Katrantzou has worked hard to impose a sense of rigidity when it comes to her prints because she has rightly been concerned with establishing a signature that makes her stand out and instantly recognisable. Job accomplished and Katrantzou can call those graphic and literal prints truly her own. However, for this season, she freed herself a little and allowed herself to play with the addition of layers and a greater array of fabrics, inspired by Fragonard paintings that resulted in 18th century nuances such as a side ruffled bustle, a contemporary version of a tail coat and most importantly, a loss of symmetry, and this is the one occasion where imbalance is more than welcome.
Dazed Digital: What were your inspirations?
Mary Katrantzou: It was 18th century portraiture and all the men and women in there. I was looking at artists like Fragonard and Madame de Pompadour and people like that. It was a fragmentation of what they used to wear and bring them onto a 21st century woman.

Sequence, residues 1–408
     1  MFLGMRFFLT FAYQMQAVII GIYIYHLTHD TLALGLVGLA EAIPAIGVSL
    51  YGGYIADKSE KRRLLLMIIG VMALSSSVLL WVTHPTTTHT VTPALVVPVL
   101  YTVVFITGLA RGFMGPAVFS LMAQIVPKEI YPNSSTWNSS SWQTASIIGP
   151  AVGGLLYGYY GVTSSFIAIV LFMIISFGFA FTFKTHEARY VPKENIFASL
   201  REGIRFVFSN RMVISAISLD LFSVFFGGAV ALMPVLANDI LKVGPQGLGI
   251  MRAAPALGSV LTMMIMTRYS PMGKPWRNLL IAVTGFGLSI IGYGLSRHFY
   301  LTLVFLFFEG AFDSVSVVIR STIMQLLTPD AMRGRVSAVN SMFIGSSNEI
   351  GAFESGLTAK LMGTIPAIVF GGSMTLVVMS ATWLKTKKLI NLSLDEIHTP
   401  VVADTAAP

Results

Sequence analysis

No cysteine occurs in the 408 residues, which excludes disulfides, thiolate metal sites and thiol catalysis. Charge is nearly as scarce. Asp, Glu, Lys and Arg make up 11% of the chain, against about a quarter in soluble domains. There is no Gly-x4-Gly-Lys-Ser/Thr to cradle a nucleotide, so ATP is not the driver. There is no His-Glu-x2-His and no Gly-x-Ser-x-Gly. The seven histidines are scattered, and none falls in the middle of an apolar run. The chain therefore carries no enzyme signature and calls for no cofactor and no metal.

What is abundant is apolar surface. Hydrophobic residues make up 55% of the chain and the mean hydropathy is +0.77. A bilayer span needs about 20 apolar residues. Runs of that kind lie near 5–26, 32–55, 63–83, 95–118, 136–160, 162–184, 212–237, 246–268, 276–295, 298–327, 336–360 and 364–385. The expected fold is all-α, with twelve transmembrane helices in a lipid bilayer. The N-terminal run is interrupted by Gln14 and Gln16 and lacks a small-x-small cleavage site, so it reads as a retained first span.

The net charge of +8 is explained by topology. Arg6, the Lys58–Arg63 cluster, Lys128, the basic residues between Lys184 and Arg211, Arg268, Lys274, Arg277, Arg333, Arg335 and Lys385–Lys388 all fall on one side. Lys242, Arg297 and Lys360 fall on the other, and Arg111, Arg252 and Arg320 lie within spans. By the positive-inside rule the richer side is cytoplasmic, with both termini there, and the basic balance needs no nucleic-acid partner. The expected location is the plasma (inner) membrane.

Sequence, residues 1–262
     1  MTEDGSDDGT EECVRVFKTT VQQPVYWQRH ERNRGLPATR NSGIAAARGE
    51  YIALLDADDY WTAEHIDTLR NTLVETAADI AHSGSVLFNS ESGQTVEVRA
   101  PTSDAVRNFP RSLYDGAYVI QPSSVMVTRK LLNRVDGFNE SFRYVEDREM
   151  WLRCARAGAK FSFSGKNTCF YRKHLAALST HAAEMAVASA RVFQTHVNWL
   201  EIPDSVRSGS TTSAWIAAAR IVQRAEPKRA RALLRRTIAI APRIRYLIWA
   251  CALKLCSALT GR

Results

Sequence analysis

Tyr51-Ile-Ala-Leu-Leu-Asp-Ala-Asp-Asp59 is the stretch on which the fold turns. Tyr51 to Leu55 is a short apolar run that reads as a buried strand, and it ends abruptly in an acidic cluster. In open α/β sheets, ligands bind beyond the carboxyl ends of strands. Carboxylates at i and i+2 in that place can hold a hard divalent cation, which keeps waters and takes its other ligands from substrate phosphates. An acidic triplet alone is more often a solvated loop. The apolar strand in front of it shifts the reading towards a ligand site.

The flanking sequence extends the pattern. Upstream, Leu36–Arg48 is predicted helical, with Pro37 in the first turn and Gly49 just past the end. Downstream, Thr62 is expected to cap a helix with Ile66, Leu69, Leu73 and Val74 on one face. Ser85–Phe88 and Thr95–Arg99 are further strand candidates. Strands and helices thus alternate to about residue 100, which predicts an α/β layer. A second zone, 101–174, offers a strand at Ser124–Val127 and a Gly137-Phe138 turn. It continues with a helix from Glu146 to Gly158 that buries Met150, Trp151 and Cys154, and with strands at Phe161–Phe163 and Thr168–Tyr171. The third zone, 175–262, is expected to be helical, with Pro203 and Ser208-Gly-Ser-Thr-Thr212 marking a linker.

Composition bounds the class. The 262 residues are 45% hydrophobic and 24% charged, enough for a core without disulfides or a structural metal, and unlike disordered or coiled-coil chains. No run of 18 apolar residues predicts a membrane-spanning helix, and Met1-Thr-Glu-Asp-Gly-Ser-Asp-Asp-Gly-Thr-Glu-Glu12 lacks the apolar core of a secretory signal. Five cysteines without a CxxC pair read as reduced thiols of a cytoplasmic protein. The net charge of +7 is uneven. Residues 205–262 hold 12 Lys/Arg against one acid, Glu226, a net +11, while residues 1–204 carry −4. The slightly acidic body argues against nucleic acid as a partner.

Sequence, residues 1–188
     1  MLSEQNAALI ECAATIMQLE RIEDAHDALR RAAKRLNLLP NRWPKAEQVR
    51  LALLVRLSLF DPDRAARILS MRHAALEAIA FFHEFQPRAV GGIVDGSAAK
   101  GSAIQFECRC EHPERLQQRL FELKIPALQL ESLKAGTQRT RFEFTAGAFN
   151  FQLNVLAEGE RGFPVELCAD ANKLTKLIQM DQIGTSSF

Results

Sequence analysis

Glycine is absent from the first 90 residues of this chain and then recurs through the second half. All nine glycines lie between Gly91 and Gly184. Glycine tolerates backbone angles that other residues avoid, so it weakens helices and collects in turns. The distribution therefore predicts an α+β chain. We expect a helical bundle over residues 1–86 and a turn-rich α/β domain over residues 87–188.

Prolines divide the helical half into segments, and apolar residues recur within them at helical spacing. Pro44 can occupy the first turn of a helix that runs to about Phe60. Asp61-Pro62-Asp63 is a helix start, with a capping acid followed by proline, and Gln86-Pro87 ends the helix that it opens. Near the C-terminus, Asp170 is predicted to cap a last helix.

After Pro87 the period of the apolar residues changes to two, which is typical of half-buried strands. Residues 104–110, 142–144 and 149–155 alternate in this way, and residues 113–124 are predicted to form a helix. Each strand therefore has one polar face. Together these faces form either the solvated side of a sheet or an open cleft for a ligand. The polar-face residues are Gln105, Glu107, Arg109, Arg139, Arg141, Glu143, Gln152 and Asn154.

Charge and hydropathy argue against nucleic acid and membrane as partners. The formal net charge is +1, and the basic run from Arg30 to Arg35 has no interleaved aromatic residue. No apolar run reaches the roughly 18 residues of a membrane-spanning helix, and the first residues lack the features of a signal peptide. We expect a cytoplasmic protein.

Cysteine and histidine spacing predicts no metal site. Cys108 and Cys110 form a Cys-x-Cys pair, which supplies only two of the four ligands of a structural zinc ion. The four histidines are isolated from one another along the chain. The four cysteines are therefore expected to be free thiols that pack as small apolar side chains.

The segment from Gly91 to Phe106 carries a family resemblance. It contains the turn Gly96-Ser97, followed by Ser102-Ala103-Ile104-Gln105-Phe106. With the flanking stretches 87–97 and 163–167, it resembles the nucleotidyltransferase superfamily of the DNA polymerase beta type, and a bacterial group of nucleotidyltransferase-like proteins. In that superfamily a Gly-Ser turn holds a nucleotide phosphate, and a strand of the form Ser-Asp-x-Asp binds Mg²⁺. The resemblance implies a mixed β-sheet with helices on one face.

DD: How have your prints evolved for this season?
Mary Katrantzou: It's very different in its fabrication as it's more layered and it's not so much one graphic bold print on a single silhouette. It had to feel a little more free in the lines and that's why we integrated the frills and the lace and everything that was going on in there. Most importantly, it wasn't a symmetrical print and it was a lot more layered; some were repeats, some were motifs. In order to make it more interesting, there was a lot of assemblage of different influences.
DD: Can you tell us a little bit about the shapes?
Mary Katrantzou: For me, it was a collection of a signature style that was very austere, concentrating on the shift dress. This season, the theme gave me more freedom to play with fabrics. It's nice to make the clothes have some fantasy.
DD: Tell us about the names you give the dresses?!
Mary Katrantzou: They're a little ridiculous but we use them in the studio! Dante, Doma, Fireding, Ciderbing, Rubberdum, Gilda, Gilda's Mother…
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